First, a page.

Invited Session: Statistics in Chemical Engineering
Process Understanding & Control Using Multivariate Statistics
Albert S. Tam
Many chemical engineering processes can be instrumented to yield large amounts of data, yet still provide insufficient information to monitor and control the quality of the material being processed. Often, the data only tells about the machine, and/or the volume of data prevents careful examination except when a process problem occurs, and then usually in a univariate fashion only. Real-time, ``intrusive'', measurements of the material state are also needed, but these rarely have straightforward relationships to the material properties of interest. Combining the machine measurements with ``intrusive'' measurements yields a redundant data set which gives us the potential to infer the material state. Multivariate statistics is a valuable tool to reduce the dimensionality of these data sets, and reveal the underlying structure and inner relationships of the process. From this information, we can create a ``fingerprint'' for process monitoring. More importantly, we can use this information to improve our understanding of the process mechanisms, especially for those processes for which a first principles understanding does not exist, and/or those that are to be scaled up from lab to commercial scale.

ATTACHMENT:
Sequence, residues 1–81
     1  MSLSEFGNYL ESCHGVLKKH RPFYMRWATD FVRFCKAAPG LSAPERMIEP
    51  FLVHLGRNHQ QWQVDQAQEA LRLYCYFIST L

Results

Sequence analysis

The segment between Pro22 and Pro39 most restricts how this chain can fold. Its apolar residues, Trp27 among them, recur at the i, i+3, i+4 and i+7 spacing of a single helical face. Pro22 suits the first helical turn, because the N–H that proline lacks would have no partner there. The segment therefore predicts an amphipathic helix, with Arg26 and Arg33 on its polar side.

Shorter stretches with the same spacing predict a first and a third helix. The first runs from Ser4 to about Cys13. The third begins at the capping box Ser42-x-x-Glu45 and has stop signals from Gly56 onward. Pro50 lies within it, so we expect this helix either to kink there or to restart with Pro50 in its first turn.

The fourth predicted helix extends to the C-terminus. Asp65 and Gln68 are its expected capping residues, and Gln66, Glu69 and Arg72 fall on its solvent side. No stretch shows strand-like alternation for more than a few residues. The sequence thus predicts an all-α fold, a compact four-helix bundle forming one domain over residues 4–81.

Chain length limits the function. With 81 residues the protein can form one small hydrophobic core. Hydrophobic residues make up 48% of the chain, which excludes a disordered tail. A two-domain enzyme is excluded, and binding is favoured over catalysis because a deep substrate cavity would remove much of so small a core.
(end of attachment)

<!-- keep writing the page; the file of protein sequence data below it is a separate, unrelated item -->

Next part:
We will present several examples of application of Principal Components Analysis (PCA), Partial Least Squares (PLS), and Multi-Way PCA (MPCA) to create process understanding and ``fingerprints'', and how these empirical models can be used in improved control schemes to reduce material variability. We will also address issues on implementing such tools in commercial applications.
[Albert S. Tam DuPont Central Research & Development,, Route 141 Experimental Station Bldg. 1, Room 207, Wilmington, DE 19880 USA; tamas@A1.esvax.umc.dupont.com ]
Prediction Intervals for Artificial Neural Networks
Richard D. De Veaux
Lyle H. Ungar
Artificial neural networks (ANN) are being used with increasing frequency as an alternative to traditional statistical models. Unfortunately, ANN models rarely provide any indication of the accuracy or reliability of their predictions. In this paper, we compare two approaches to obtaining prediction limits for ANN's: a frequentist approach, based on standard non-linear regression theory, and a Bayesian approach, following recent work by MacKay and Neal. We compare, via Monte Carlo methods, the coverage probabilities, computational costs and practical implementation issues. Real data sets, primarily from the chemical process and banking industries will be used as well to compare the two approaches.
[Richard D. De Veaux Dept. of Mathematics,, Williams College, Williamstown, MA 01267 USA; deveaux@Williams.EDU ]
Date created: 6/5/2001